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Criminal Practice – Sexual Offense – Attempt – Evidence – Hearsay — Satellite-Based Monitoring

State v. Carter (Lawyers Weekly No. 11-07-1113, 28 pp.) (Sam Ervin IV, J.) Appealed from Iredell County Superior Court. (W. David Lee, J.) N.C. App. Click here for the full-text opinion.

Holding: Where the complainant said on at least one occasion that defendant’s penis penetrated her anus, and where a sexual assault nurse examiner testified that the complainant’s anal fissure could have resulted from trauma to the anal area, there was sufficient evidence to support a finding of anal penetration.

We find no error as to defendant’s conviction of first-degree sexual offense in file number 08 CrS 57285. However, the trial court’s order of lifetime satellite-based monitoring (SBM) in that case is vacated, and the case is remanded for further proceedings. Defendant is entitled to a new trial on the charge of first-degree sexual offense in file number 08CrS 57286.

Where social worker Erica Stivenson testified that she was not qualified to render a medical diagnosis and never made any specific medical diagnosis based on the complainant’s behavior, Ms. Stivenson’s characterizations of the complainant’s behavior (“overly dramatic”, “manipulative”, and exhibiting “attention-seeking behavior”) did not relate to an expert opinion which Ms. Stivenson was qualified to deliver. The trial court correctly determined that Ms. Stivenson was not entitled to offer any opinion as to medical treatment and correctly excluded Ms. Stivenson’s characterizations of the complainant’s behavior.

During a “play therapy” session, the complainant told Ms. Stivenson that she missed defendant and wanted him to come home so they could be a family again. Ms. Stivenson told the complainant that, if defendant had done the things the complainant accused him of he wouldn’t be coming home. The complainant replied, “Well, I know he wouldn’t do it. I know he’s coming home.” The trial court admitted the complainant’s statement only for corroborative purposes and not for substantive purposes.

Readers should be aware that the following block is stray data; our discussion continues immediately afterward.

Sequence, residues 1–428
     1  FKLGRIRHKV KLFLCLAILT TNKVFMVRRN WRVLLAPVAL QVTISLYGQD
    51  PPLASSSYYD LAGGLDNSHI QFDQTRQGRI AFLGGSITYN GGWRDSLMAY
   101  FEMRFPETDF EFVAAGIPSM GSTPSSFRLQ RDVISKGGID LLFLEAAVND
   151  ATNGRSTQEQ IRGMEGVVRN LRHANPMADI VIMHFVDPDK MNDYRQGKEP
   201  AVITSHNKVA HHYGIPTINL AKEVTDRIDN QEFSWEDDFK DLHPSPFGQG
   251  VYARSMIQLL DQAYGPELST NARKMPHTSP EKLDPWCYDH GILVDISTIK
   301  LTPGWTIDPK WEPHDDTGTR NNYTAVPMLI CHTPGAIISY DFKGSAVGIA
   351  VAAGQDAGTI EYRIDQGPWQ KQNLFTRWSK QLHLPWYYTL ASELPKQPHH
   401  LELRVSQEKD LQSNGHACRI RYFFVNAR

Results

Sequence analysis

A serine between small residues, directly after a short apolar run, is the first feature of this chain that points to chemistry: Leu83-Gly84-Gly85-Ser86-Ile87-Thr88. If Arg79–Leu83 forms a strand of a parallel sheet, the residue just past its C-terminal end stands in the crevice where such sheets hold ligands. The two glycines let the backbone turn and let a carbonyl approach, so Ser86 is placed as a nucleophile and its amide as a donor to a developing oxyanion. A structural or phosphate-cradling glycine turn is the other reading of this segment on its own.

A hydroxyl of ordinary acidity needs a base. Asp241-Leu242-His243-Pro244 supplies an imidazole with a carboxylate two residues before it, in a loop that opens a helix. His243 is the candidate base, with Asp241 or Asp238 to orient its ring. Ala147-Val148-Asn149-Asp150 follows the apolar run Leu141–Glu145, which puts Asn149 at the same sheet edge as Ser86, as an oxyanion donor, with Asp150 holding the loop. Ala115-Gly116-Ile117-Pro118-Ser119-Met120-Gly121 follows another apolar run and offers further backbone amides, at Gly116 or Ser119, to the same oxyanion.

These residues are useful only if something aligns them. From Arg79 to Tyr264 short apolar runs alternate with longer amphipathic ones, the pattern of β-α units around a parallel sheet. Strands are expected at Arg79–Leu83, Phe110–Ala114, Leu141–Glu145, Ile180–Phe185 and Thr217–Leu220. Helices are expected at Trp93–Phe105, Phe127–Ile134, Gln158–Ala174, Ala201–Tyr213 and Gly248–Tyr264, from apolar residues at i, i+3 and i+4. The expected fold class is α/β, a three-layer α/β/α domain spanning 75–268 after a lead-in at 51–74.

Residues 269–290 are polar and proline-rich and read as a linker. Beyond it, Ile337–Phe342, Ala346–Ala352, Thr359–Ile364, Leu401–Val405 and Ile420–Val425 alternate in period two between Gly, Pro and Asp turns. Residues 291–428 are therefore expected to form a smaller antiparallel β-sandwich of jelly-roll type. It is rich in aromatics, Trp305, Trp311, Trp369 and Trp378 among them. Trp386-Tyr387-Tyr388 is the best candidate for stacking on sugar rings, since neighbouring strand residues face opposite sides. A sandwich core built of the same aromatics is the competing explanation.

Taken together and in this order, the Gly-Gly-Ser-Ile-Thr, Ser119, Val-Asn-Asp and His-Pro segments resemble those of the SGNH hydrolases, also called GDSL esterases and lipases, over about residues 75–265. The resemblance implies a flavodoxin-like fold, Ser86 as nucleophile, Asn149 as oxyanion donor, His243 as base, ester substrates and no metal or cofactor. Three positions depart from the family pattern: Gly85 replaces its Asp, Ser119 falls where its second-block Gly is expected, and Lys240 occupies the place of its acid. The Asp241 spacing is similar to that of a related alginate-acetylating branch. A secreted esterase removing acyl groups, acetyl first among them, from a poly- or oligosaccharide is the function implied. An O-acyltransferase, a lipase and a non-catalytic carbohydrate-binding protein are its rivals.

Contrary to defendant’s argument, the complainant’s statement was not admissible as one made for the purpose of obtaining medical diagnosis or treatment. The “play therapy” sessions began more than two weeks after the complainant’s initial examination by the sexual assault nurse examiner. Although Ms. Stivenson emphasized that it was important for the complainant to tell the truth, the record does not indicate that she ever told the complainant that the “play therapy” sessions served a medical purpose or that the complainant understood that any of her statements might be used for diagnostic or treatment-related purposes.

In addition, the record does not show that the statement in question had any relevance to the provision of medical diagnosis or treatment, since Ms. Stivenson admitted that she was not qualified to engage in such activities. As a result, the trial court did not err by refusing to admit the complainant’s statement pursuant to N.C. R. Evid. 803(4).

The statement was also not admissible as an excited utterance. The record contains no description of the complainant’s behavior or mental state at the time of her conversation with Ms. Stivenson. For that reason, we cannot discern whether the complainant was excited, startled, or under the stress of excitement at the relevant time.

Neither of defendant’s efforts to establish the admissibility of the complainant’s statement for substantive purposes has merit.

As to file no. 08 CrS 57286, the evidence concerning the issue of penetration was in conflict. Although certain portions of the complainant’s testimony tended to show that anal penetration had occurred, her statements that defendant put his penis “on” or “between my butt cheeks” or that he “pressed against” her anus with his penis support an inference to the contrary.

The nurse examiner’s testimony indicated that the complainant’s anal fissure could have resulted from attempted, as well as completed, penetration.  As a result, a jury could rationally have found defendant guilty of attempted first-degree sexual offense in File No. 08 CrS 57286. Moreover, given the sharp conflict in the evidence relating to the issue of defendant’s guilt, the importance of allowing the jury to consider all relevant issues prior to rendering a verdict, and the absence of any indication that defendant opposed submission of an attempt issue, we conclude that the trial court’s failure to instruct the jury on attempted first-degree sexual offense constituted plain error, and that defendant is entitled to a new trial in File No. 08 CrS 57286.

Where defendant failed to note his appeal of the trial court’s SBM order in writing, we dismiss defendant’s appeal. However, we exercise our discretion to treat defendant’s appeal as a petition for a writ of certiorari. We issue the writ and consider defendant’s challenges to the SBM order on the merits.

First-degree sexual offense pursuant to G.S. § 14-27.4(a)(1) does not qualify as an aggravated offense. As a result, the trial court erred by concluding that defendant was subject to lifetime SBM by virtue of having been convicted of an “aggravated offense.” We reverse the trial court’s order compelling defendant to enroll in lifetime SBM and remand this case to the trial court for a proper risk assessment and a new SBM hearing.

New trial in part, no error in part, reversed and remanded in part.


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